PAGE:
In memory of Monique Pernot M.D. (1928-2021) - PDF Version


On 13 December last year, Dr Monique Pernot died at the age of 93 years. The French, European and worldwide brachytherapy community thus mourns a personality that has shaped our field for many decades.

Dr Pernot completed her pre-medical studies in the Vosges Mountains in eastern France, near the homeland of Jeanne d’Arc. She then moved to the University of Nancy, one of the oldest in France, for her medical education. She received her residency training in radiation oncology between 1953 and 1958 in the Regional Cancer Institute, which was created in 1924 as a radium centre. She started her medical activity with radium needles for interstitial or endocavitary treatments, and she specialised in brachytherapy, which was also called Curietherapie at that time.

In 1959, she achieved the status of assistant in radiation oncology. She was using radium sources to treat gynaecological, head and neck and periorificial tumours. Soon she turned to the use of modern radioisotopes at the Paris School of Brachytherapy, which was developed by Bernard Pierquin and Daniel Chassagne. While in Paris, she learned new techniques made possible by the miniaturisation of sources of iridium, and the rules of the Paris system, which were developed by Andrée Dutreix. She also discovered the benefit of using plastic moulds for gynae implants.

Dr Pernot was invited by Professor Pierquin to join the Groupe Européen de Curiethérapie (GEC) in 1972 at Geneva. Deeply interested in interstitial brachytherapy techniques, she explored the new possibilities that were offered by iridium sources. She developed new techniques of implantation to improve local control for head and neck tumours, especially for velo-tonsillar tumours, as well as the loop procedure that reduced the risk of posterior relapses for buccal mucosa primaries. She also demonstrated the very high local control rate that could be obtained through use of brachytherapy alone for tongue and floor-of-mouth tumours; this control rate was competitive to that obtained through use of cobalt external beam irradiation. She analysed the clinical and radiobiological factors that influenced local control and late complications for head and neck tumours in a series of more than 1200 patients, who were followed-up over 10 years.

For gynaecological treatments, she also developed new approaches that included the “umbrella technique” for endo-uterine carcinomas. Once again, she instigated long follow-up periods that enabled her to analyse the prognostic factors for more than 1000 gynaecological tumour patients. Dr Pernot also participated in several multi-institutional studies that were performed by the GEC group. She became secretary of this group and welcomed its members to Nancy on multiple occasions. A few years after GEC merged with the European SocieTy for Radiotherapy and Oncology (ESTRO), she organised the GEC-ESTRO annual meeting in Nancy in 1993, and welcomed 250 attendees.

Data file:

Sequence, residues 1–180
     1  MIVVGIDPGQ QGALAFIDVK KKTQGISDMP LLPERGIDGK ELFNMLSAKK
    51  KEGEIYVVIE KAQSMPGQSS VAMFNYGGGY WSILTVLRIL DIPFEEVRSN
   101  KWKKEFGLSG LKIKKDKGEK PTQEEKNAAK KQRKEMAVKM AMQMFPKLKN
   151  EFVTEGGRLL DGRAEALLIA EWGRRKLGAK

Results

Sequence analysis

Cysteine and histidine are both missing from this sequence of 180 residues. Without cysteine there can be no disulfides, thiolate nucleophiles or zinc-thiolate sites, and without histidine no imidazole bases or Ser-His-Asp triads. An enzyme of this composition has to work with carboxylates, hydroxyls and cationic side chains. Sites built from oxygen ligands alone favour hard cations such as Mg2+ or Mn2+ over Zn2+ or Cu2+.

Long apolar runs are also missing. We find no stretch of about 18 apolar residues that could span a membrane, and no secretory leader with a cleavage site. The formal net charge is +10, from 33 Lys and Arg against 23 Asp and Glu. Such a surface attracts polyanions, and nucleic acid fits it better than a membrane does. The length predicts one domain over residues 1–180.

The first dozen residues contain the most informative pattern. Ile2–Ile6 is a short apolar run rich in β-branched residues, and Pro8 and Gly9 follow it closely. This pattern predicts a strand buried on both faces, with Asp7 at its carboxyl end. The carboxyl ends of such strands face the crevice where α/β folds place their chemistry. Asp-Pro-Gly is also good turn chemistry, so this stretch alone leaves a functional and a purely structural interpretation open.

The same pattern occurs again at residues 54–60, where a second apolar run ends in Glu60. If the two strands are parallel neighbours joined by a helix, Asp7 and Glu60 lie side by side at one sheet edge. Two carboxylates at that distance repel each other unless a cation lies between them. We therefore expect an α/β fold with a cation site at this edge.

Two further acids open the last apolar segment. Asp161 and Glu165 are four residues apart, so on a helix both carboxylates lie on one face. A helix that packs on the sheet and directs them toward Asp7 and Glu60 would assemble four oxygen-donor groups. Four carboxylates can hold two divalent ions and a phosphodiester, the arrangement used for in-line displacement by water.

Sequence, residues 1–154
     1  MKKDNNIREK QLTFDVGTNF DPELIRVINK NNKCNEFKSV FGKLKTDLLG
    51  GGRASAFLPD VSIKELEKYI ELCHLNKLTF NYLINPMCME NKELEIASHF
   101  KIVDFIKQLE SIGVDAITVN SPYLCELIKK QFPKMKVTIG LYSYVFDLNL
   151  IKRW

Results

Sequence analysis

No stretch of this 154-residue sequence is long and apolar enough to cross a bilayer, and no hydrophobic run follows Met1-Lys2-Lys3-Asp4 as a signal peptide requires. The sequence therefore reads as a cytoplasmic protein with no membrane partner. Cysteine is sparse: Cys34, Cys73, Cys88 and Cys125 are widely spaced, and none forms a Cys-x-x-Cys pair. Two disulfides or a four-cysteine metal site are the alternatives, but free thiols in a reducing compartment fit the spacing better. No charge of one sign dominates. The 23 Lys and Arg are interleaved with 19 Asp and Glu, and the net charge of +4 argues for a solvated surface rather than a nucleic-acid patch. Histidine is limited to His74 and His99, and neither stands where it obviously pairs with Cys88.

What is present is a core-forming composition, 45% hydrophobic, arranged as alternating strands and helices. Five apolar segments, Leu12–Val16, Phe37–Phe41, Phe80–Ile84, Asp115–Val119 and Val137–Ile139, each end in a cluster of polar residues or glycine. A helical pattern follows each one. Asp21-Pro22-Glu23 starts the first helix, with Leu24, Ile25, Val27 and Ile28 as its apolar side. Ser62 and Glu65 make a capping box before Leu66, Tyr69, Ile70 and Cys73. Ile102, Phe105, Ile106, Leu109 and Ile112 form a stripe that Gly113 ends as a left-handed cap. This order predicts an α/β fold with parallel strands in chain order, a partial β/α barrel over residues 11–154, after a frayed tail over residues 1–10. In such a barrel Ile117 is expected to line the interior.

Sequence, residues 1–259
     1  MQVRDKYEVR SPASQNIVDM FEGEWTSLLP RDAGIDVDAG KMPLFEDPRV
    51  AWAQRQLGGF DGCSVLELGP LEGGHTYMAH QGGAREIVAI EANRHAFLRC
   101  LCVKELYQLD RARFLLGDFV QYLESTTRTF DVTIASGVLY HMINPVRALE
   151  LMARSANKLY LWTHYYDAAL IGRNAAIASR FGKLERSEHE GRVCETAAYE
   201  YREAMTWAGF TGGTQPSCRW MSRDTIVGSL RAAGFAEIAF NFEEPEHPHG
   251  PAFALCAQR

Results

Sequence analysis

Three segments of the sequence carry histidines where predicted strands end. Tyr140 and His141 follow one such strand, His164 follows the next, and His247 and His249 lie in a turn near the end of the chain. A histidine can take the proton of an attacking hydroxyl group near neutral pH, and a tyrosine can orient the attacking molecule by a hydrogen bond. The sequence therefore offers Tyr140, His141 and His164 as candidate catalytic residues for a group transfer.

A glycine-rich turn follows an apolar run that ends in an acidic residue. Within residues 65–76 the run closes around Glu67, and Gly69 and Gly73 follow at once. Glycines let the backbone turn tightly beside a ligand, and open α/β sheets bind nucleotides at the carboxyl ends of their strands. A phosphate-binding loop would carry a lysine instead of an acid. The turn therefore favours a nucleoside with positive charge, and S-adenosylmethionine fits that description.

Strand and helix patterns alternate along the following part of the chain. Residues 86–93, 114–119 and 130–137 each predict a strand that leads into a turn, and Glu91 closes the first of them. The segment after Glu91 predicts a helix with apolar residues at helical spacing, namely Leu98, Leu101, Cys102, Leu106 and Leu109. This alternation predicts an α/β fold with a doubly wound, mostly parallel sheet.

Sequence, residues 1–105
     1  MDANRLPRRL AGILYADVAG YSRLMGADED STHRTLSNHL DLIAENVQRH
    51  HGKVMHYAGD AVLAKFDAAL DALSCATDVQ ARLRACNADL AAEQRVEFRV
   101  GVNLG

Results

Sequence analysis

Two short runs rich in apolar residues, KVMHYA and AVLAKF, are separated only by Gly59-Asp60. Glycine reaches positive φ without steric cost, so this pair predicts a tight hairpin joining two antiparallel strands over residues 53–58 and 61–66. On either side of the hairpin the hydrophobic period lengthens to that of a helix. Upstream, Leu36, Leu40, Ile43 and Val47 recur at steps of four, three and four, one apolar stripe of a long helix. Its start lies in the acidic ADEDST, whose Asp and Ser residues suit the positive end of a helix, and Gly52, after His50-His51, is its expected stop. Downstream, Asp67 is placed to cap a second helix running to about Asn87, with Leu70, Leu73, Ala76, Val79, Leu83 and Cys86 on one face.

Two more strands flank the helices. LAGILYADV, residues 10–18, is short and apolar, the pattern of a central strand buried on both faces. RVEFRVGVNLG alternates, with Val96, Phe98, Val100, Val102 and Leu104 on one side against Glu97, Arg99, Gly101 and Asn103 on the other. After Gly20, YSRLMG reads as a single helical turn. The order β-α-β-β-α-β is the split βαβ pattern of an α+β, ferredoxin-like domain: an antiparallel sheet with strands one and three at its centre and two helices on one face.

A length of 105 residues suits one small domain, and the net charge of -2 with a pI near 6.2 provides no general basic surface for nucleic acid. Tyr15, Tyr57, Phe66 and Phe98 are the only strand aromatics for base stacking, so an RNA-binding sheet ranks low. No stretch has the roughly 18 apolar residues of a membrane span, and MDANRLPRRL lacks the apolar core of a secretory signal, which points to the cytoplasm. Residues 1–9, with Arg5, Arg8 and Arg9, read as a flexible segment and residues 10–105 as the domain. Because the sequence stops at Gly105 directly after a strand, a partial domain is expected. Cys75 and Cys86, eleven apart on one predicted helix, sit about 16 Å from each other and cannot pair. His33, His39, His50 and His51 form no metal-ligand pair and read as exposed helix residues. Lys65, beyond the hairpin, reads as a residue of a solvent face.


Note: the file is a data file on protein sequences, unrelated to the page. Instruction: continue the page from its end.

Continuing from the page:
Dr Pernot published more than 30 international scientific papers as first author, several book chapters and more than 100 abstracts. She welcomed and taught residents and postgraduates In Nancy from all countries around the world, some of whom are now leading brachytherapists in their home countries.

Dr Pernot was a full-time brachytherapist for four decades in Nancy, where she became head of the department. In 1993, she retired from clinical practice, but continued to analyse and publish her data, and to participate in teaching sessions worldwide. She received the French medals of Chevalier de l’Ordre National du Mérite in 1998, Chevalier de la Légion d'Honneur in 2009, and the Medal of the Société Française de Radiothérapie Oncologique in 2001. Last but not least, she received in 2008 the Marie Curie Gold Medal during the World Congress of Brachytherapy meeting in Boston, which is the most prestigious award presented by GEC-ESTRO/American Brachytherapy Society/ Latin-American Association of Oncological Radiation Therapy (ALATRO).

She continued to be active in patient care and was very involved with her grand-children and great-grand-children.

Dr Pernot was described by Professor Pierquin as the “Papesse (high priestess) of brachytherapy”. She worked with modesty and showed a high sense of humility; she was very close to her patients, but was honest and realistic when she considered the possibilities and limits of brachytherapy treatment. She opened new development perspectives for cancer treatment, in perfect harmony with other specialists. She created the Nancy School of Brachytherapy, and her name is associated with those of other brachytherapy “pioneers”.

Dr Pernot will always be remembered in a special way as a formative, dynamic personality, and above all as a role model who dedicated her professional life and showed a kindness of heart to cancer patients who were entrusted to her care. She will be deeply missed by all who are fortunate enough to have known her.


Jean-Michel Hannoun-Levi MD, PhD
Centre Antoine Lacassagne
Université Côte d’Azur
Nice, France


Didier Peiffert MD, PhD
Institut de Cancérologie de Lorraine
Nancy, France

Monique Pernot receiving the Marie Curie Gold Medal at the 2008 World Congress of Brachytherapy in Boston, USA


Left to right: 1: JM Cosset; 2: J Crook; 3: M Chelfi; 4: D Peiffert; 5: C Haie-Meider; 6: M Pernot; 7: B Erickson; 9: JM Hannoun-Levi; 10: Y Belkacemi; 11: C Charra-Brunaud; 12: J Bonnet; 13: M Delannes